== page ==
Flexible  Learning Environments
Our design approach to Educational spaces is centered on creating flexible, adaptive learning environments. These spaces effectively cater for multiple group sizes concurrently, and actively support non hierarchical content delivery and tuition. Rooms are designed to accommodate multiple modes of tuition and learning.
Expression of School Culture
School Identity is fostered by culture and ethos, but is directly expressed in a tangible manner through the built form. At 3iD, we believe that a school should promote an identity as expressed through its Architecture, in turn breaking down the notion of the “institution”. Modern educational Architecture should be dynamic, responsive, flexible and adaptive.
Reinforcing School Identity
While it is critical to consider  pragmatics, function and budget, it is only when these are coupled with the active and effective  expression of the school’s identity that these translate into a genuinely successful fulfilment of the brief.
Design for special needs
Its is now acknowledged that every individual learns differently and responds to different modes of learning. The challenge for the modern educational Architect is to design spaces to accommodate these differences.
Refurbishment & Repurposing
3iD Architecture has extensive experience in converting, refurbishing and re-purposing Educational buildings to suit modern Educational pedagogies.
Spaces for Learning & Play
Our design process ensures careful consideration in integrating internal and external environments. Successful educational Architecture needs to actively respond to and encourage active lifestyles, play and socialisation.

Educational Architecture should embody and express the School’s core philosophy and culture, whist being flexible, dynamic and bold.

 

Effective Architecture to assist with Developmental delay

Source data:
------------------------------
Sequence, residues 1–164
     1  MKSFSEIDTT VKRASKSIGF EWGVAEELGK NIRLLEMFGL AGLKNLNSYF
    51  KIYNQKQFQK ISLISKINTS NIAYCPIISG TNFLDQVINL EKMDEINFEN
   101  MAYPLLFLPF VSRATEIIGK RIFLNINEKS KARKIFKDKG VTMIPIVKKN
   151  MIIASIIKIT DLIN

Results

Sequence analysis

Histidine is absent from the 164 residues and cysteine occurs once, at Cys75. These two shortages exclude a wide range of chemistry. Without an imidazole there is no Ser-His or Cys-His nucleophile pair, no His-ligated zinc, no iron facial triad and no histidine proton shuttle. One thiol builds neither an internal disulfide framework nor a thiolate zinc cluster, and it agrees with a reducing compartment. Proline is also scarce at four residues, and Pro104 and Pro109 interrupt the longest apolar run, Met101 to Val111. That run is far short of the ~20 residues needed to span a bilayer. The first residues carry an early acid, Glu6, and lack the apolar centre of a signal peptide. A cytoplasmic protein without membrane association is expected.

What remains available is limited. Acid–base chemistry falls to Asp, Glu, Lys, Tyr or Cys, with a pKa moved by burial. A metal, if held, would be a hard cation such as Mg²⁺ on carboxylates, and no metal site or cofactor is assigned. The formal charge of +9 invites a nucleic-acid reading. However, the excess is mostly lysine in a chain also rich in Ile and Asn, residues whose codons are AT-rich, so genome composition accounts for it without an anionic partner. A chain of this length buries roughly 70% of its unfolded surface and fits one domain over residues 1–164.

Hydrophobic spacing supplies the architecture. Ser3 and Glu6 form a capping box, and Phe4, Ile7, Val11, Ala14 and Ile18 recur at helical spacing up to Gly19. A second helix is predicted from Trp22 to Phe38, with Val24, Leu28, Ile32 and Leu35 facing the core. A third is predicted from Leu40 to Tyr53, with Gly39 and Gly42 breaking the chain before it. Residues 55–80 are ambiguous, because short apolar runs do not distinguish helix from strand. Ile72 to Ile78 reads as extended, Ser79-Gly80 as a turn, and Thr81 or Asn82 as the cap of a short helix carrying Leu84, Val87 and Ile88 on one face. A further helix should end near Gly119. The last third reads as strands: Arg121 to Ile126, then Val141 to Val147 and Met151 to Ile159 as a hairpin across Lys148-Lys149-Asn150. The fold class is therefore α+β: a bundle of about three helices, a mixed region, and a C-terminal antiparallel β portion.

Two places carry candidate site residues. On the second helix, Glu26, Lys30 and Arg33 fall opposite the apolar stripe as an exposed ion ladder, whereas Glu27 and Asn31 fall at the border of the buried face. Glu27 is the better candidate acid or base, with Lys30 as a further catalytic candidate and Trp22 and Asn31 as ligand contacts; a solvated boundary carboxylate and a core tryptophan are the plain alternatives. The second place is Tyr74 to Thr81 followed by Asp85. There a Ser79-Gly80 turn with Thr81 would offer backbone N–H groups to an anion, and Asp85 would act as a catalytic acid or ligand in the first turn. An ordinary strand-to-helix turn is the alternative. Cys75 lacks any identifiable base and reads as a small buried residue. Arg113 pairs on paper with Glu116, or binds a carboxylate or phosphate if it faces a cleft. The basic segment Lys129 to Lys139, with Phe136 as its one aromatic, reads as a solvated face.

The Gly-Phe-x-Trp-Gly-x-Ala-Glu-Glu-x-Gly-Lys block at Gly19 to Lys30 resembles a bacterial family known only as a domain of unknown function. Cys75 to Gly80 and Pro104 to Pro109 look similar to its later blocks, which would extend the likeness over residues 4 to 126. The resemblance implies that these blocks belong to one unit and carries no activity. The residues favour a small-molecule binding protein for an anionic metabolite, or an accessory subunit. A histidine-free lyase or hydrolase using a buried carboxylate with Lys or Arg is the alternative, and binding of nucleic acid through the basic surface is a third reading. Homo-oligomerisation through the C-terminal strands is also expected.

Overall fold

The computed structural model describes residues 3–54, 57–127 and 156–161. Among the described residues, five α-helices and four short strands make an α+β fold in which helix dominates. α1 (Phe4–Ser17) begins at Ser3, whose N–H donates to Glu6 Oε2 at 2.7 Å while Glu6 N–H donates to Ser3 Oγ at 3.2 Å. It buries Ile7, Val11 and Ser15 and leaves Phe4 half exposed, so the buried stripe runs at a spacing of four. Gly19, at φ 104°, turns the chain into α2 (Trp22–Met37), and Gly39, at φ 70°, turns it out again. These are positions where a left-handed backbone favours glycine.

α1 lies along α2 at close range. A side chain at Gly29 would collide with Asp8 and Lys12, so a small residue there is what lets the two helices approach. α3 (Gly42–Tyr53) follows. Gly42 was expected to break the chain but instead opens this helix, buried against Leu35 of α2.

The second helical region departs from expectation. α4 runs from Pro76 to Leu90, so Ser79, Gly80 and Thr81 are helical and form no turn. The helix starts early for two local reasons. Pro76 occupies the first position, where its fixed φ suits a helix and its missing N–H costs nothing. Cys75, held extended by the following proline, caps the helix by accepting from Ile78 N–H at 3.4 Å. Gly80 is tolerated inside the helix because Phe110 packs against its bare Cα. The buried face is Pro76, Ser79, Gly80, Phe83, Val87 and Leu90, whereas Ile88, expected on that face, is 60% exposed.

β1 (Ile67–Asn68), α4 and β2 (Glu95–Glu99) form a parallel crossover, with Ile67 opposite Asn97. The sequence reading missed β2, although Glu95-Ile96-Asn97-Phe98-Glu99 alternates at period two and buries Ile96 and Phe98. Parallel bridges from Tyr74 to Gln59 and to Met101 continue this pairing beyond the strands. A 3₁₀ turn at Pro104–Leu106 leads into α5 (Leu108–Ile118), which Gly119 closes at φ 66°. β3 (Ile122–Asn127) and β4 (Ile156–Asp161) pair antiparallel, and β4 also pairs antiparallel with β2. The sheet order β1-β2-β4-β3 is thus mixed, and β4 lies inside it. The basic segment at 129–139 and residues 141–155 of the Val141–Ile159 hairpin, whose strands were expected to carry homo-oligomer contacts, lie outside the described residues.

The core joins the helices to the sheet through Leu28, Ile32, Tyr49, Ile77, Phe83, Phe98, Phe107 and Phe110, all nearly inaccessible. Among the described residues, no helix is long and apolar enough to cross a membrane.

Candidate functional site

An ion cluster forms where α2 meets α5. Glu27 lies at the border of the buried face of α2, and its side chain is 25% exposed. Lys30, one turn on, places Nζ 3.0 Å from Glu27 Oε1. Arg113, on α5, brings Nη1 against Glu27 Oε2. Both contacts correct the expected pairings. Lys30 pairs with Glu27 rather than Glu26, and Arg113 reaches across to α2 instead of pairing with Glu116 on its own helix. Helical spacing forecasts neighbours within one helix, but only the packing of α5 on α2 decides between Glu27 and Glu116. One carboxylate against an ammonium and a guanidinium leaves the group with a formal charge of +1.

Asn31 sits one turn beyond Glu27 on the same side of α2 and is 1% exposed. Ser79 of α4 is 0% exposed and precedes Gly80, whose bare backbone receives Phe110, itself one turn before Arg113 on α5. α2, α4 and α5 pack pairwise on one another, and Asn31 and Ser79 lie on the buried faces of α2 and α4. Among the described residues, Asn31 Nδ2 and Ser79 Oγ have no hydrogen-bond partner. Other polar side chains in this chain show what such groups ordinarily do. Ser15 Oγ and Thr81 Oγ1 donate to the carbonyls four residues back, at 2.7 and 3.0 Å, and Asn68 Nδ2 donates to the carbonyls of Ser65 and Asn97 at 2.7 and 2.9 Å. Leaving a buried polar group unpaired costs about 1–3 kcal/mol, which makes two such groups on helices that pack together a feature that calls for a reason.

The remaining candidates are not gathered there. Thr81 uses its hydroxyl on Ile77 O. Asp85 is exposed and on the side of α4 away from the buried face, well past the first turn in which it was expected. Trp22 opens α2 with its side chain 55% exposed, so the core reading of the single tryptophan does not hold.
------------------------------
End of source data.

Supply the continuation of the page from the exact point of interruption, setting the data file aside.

Current Architectural educational research is seeking to reduce anxiety and distractions in the Learning Environment, to promote more effective management over of over-stimulation in an open class setting. This is of particular relevance due to the increasing prevalence of developmental vulnerabilities, anxiety disorders and Autism spectrum conditions.
There is a significant developing body of research on the principals of designing effective school environments for children with Anxiety disorders and Autism Spectrum Disorders. Whilst Autism spectrum has its own physiological profile, the concepts remain pertinent for students for all backgrounds – particularly those with heightened anxiety and developmental delay.

The core concepts that have a strong influence on behavioural outcomes as promoted through Educational Architecture include:
Acoustics
Spatial Sequencing
Escape Space
Compartmentalisation
Transition Zones and Sensory Zoning

Acoustics
Reducing noise and echo in educational spaces can help increase attention spans and behavioural temperament. Environmental acoustics need to be varied depending on the amount of concentration required for the task/activity. Low reverberation, high absorptive materials and non planar walls/ ceilings not only provide colour and texture, but provide better environments for learning.

Spatial Sequencing
Providing routine and predictability by logically sequencing spaces gives students a sense of security. Spaces are planned to provide logical transitions between activities and to promote a sense of routine a predictability. A key example of this is controlling entry and exit points to a space, managed through the use of transition spaces.

Escape Space
The benefit of Withdrawal Space has been acknowledged as part of Educational Architecture for over 25 years. Providing a space to escape from the over-stimulation of the surrounding environment is a central concept to enable children to balance themselves and undertake activities requiring reflection, focus or attention, and to self-moderate behavioural anxieties.

Compartmentalisation
Organising spaces/buildings into compartments with a defined function and sensory quality gives children the means to distinguish between and chose environments best suited to the mode of inquiry being undertaken. This can be achieved through colour, form, lighting, volume and furniture selection.

Transition Zones and Sensory Zoning
Indicating a change in environment to help students transition from different levels of stimulation assists in altering behavioural outcomes. A typical example of this is the use of an airlock, intermediate space between external high sensory stimulated spaces and internal low stimulus spaces. This approach reduces interruption and distraction with the modern format classroom learning spaces. Many Educational researchers believe that zoning spaces according to their level of activity/stimulus is a better model for spatial planning, as opposed to pure function, with transitional spaces required to link these effectively.

Accessibility, visibility and a engendering a sense of “inclusiveness” are the keys to successful Educational development.